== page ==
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Numerous US synagogues are gearing up for High Holidays and their first in-person services since 2019. How secure are they?

By Mike Wagenheim, JNS

For many American synagogues, this High Holiday season will be the first with in-person services since 2019.

They will also be the most crowded since the latest high-profile attack on American Jewry—the January 2022 hostage situation at Congregation Beth Israel in Colleyville, Texas.

It has many Jewish communal leaders thinking about safety and security.

“The holidays are the moment where the Jewish community, globally, really starts thinking about security because so many people are going to go to shul that maybe don’t necessarily always go,” Evan Bernstein, CEO and national director of Community Security Service (CSS), told JNS. He added that his organization has been working with congregations to refresh on best safety practices.

But while the High Holidays services typically bring about the highest attendance of the year, Bernstein and others in the Jewish security industry are making the issue of safety a year-round endeavor. As Bernstein points out, the overwhelming majority of the attacks on American Jewry have taken place outside the High Holidays.

“People who don’t like us and want to do bad things to Jews are not necessarily looking at the Jewish calendar to determine when they’re going to perpetrate something. We need to be on high alert at all times,” he said.

That perpetual state of alertness has the capacity to draw Jews away from focusing on their actual practice of faith and culture while placing more and more attention on ensuring they are simply safe enough to do so, as antisemitic acts across the United States continue to mount.

“I think it’s getting harder and harder to have that balance. I was just in Europe meeting with our sister organizations in the United Kingdom, France, Belgium and the Netherlands, and those groups are always on alert. If you speak to those communities, there is no downtime. There is no moment where they can take that break,” said Bernstein, who fears what he calls the golden age of safety for American Jewry may have passed.

“I hate to say it, but you look at the number of major assaults, attacks on synagogues, murderous attacks on Jews over the last five to 10 years, it’s really unprecedented in American Jewish history. I don’t think we have the luxury of being able to sit back and have ebbs and flows. I think we need to maintain diligence, as hard as it is, as exhausting as it is. Times have changed and the American Jewish community needs to change with it. It’s an unfortunate fact,” he said.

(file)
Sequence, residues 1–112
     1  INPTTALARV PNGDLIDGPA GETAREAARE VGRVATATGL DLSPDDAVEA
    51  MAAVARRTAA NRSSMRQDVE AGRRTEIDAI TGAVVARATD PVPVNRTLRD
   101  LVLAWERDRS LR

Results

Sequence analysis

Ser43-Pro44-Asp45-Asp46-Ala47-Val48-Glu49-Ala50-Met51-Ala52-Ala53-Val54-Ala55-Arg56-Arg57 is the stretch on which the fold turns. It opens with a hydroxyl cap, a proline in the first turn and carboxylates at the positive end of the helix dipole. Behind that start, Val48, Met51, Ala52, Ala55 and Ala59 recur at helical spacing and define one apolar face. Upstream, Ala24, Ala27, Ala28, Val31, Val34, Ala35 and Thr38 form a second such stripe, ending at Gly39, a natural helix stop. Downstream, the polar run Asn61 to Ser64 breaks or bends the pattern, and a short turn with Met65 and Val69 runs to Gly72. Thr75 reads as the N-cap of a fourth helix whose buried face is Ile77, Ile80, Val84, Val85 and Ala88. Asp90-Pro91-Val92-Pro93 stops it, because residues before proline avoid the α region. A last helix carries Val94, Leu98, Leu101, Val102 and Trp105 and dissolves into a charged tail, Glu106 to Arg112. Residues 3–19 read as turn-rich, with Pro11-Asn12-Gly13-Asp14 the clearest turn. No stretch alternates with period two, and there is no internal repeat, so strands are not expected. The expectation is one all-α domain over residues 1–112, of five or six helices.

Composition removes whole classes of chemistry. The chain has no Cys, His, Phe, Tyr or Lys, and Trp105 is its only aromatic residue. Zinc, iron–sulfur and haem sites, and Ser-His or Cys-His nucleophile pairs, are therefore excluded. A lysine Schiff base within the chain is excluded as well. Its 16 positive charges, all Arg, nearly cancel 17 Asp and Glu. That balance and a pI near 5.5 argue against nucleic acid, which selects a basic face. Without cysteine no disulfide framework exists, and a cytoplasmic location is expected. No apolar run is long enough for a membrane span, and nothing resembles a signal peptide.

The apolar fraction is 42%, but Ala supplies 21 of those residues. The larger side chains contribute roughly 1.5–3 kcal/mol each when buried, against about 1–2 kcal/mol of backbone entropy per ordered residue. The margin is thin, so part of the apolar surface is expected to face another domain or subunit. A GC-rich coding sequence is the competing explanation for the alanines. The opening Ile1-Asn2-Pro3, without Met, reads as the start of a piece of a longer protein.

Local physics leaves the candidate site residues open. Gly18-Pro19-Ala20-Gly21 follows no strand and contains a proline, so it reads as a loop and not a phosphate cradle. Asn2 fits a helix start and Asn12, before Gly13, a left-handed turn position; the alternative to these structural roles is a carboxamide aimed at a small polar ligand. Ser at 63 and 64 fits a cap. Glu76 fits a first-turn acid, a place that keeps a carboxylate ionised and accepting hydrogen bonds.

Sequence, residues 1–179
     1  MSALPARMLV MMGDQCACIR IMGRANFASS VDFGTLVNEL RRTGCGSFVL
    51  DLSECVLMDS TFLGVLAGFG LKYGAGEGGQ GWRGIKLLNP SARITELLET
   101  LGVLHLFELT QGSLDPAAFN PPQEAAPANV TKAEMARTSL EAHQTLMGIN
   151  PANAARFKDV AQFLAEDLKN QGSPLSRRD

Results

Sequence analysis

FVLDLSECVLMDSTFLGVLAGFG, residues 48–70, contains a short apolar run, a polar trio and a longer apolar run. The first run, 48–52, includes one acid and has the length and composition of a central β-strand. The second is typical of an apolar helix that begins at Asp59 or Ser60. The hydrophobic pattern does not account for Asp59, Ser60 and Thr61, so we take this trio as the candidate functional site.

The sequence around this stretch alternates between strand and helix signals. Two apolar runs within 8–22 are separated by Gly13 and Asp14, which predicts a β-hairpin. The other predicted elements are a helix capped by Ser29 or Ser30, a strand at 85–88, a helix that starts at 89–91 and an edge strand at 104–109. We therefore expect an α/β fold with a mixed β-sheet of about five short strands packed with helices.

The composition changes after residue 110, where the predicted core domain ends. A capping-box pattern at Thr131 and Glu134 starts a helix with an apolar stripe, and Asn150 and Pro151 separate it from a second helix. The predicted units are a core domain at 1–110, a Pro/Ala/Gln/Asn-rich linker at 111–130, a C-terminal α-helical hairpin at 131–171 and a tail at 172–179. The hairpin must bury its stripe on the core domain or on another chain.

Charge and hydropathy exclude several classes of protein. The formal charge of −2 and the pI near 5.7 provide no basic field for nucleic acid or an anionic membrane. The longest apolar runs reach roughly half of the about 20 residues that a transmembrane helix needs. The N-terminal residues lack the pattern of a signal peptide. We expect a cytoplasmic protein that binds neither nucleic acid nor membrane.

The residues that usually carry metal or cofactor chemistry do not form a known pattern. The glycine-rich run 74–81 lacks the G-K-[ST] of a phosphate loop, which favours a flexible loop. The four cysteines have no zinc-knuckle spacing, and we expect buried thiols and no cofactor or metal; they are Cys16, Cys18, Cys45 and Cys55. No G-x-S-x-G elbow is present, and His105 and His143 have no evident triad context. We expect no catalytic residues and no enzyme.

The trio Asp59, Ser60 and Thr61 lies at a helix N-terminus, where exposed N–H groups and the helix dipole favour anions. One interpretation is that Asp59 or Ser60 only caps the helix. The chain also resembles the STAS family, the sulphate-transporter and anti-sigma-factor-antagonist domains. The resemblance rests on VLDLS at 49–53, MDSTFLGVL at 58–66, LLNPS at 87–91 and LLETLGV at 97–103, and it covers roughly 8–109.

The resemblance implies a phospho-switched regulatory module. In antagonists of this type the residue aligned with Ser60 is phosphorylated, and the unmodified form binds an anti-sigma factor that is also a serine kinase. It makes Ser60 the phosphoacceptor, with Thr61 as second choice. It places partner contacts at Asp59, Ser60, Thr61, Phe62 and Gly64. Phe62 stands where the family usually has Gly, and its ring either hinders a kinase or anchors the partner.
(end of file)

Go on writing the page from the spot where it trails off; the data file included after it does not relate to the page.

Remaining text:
More Like European Jewry

Bernstein argues that American Jews must become more like their European brethren in relying less on law enforcement and private security, and instead taking more proactive measures, from situational awareness and proper security training to recruiting volunteers within the synagogue community to provide protection at services and other events.

“No one’s going to care more about who’s inside that synagogue than a volunteer is. We as a Jewish community can’t just rely on outsourcing our security. If you look at what’s taking place in other Diaspora communities around the globe, Jews are the ones that are leading their security operations. I think the American Jewish population needs to start embracing that and get more engaged and be aware,” he said.

Bernstein was quick to say that American Jewry has a great relationship with federal and local law enforcement, and it’s not something to take for granted. He noted that CSS works in tandem with partner organizations such as Secure Community Network and the Jewish Federations of North America to “really cover all of our bases, which is so critical. I think that leads to better and more organized security.”

Ultimately, he said he doesn’t want to send a message of fear. American Jews, overall, should feel safe, especially those who became used to staying away from synagogues during the COVID pandemic.

“We should never let hate stop us from practicing our religion. We need to be active Jews. We need to go to the synagogue. We need to be doing everything we can to be proud about being Jewish in every way shape or form,” he said. “But let’s be aware of security issues, of the threats from the right and from the left, not only for the holidays but every Shabbat.”

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